Even the Kedmi National Commission of Inquiry acknowledged that especially during their time in the immigration camps, Yemenite parents had no control over events, and could not keep in touch with children that were taken away.
The Kedmi Commission’s final report determined that the separation of children from their parents was the responsibility of the authorities operating in the camps: “Those responsible for the lack of procedures and regulations to ensure continued contact between parents and their children and means for locating and reporting if necessary, are responsible for the creation and growth of the phenomenon of disappearing children” (Kedmi Commission report, page 321).
Could the children have disappeared simply as a result of the confusion and chaos at the time of the young state?
Children were not taken from their parents simply because there was “chaos” in the camps. All the children disappeared after coming in contact with a state-affiliated agency: they were abducted from state controlled nurseries and welfare agencies and from hospitals operated by the Ministry of Health and the state immigrant healthcare service agency. The records in the immigration camps were orderly: each family received an immigration card with a unique serial number. The agencies responsible for care of the babies (The Jewish Agency, and organizations such as WIZO and Hadassah) were established agencies with proper record-keeping procedures.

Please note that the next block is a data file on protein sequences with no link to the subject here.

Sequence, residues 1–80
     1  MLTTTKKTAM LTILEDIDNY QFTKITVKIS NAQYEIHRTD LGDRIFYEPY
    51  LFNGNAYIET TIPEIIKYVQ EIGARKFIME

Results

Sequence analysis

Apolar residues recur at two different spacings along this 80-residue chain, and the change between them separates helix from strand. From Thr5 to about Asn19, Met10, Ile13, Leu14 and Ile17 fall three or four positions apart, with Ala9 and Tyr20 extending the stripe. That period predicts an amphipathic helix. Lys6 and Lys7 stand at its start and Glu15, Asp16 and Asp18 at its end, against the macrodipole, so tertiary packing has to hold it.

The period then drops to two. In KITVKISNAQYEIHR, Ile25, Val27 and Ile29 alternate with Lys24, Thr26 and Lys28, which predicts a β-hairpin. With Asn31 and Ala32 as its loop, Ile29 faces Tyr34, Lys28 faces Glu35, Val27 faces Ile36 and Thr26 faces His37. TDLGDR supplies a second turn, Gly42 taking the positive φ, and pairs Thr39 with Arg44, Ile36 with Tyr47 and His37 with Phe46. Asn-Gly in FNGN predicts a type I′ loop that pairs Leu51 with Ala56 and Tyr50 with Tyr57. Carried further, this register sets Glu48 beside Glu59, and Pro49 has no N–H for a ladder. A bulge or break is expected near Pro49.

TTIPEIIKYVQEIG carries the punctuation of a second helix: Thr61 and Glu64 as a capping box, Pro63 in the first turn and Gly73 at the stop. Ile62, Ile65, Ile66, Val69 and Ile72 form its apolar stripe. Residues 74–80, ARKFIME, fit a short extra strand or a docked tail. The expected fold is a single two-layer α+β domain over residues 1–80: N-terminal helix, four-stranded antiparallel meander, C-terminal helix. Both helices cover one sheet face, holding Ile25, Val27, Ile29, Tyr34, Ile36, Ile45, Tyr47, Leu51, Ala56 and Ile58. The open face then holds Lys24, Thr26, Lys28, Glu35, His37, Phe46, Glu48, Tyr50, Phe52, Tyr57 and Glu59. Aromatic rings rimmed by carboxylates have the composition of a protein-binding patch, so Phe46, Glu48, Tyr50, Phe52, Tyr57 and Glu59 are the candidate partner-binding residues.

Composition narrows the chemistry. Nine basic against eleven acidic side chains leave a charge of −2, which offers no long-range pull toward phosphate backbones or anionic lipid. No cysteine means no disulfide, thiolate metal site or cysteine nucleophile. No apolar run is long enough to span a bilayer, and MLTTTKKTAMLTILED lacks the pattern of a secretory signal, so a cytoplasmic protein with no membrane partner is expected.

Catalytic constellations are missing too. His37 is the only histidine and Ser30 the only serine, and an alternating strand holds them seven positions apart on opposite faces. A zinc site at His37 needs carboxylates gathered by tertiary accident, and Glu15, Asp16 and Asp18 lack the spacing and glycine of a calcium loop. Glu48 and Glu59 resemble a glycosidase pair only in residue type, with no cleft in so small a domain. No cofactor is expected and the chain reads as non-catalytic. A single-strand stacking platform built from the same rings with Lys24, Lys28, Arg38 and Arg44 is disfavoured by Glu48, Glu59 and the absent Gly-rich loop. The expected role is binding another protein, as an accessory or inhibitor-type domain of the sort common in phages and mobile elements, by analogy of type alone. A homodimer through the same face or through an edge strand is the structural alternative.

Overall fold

If one was to accept the “chaos” claim one would expect the phenomenon to prevail among all other groups and see a distribution of abduction cases corresponding to the ethnic distribution of the population, mostly between the years 1948 and 1950. At the time, hundreds of thousands of European families immigrated to Israel without their children disappearing due to ‘chaos’ or improper registration procedures.
Indeed, if it had been a technical issue or a problem with the registration procedure it should and would have been discovered and corrected after the first cases of children separated from their parents. It could not have continued for years and caused pain to hundreds and thousands of families.
The Kedmi Commission itself determined that the registration procedures were reliable and orderly. Still, it used this logic to determine with “certainty” that some of the missing children had died.
Why haven’t we encountered numerous brown kids in white families?
Firstly, not all the abductees were Yemenite, and not all Yemenites are brown-skinned.
Secondly, the visibility of “brown children in white families” is the result of public awareness. Consider the testimony of Azar Shahar, who was abducted at infancy and grew up in a white family. The school groundskeeper, of Yemenite origin, noticed that a “white” mom picked up a “brown” pupil. The opposite example was an interview with a Holocaust survivor, in 2014. The interviewee talked about Leah’le, a Yemenite baby girl who had been sent to her by God. Not even one member of the production team bothered to inquire how the brown baby girl found its way to a white family; Lacking awareness of the issue, people unconsciously assume that brown children in white families were adopted legally.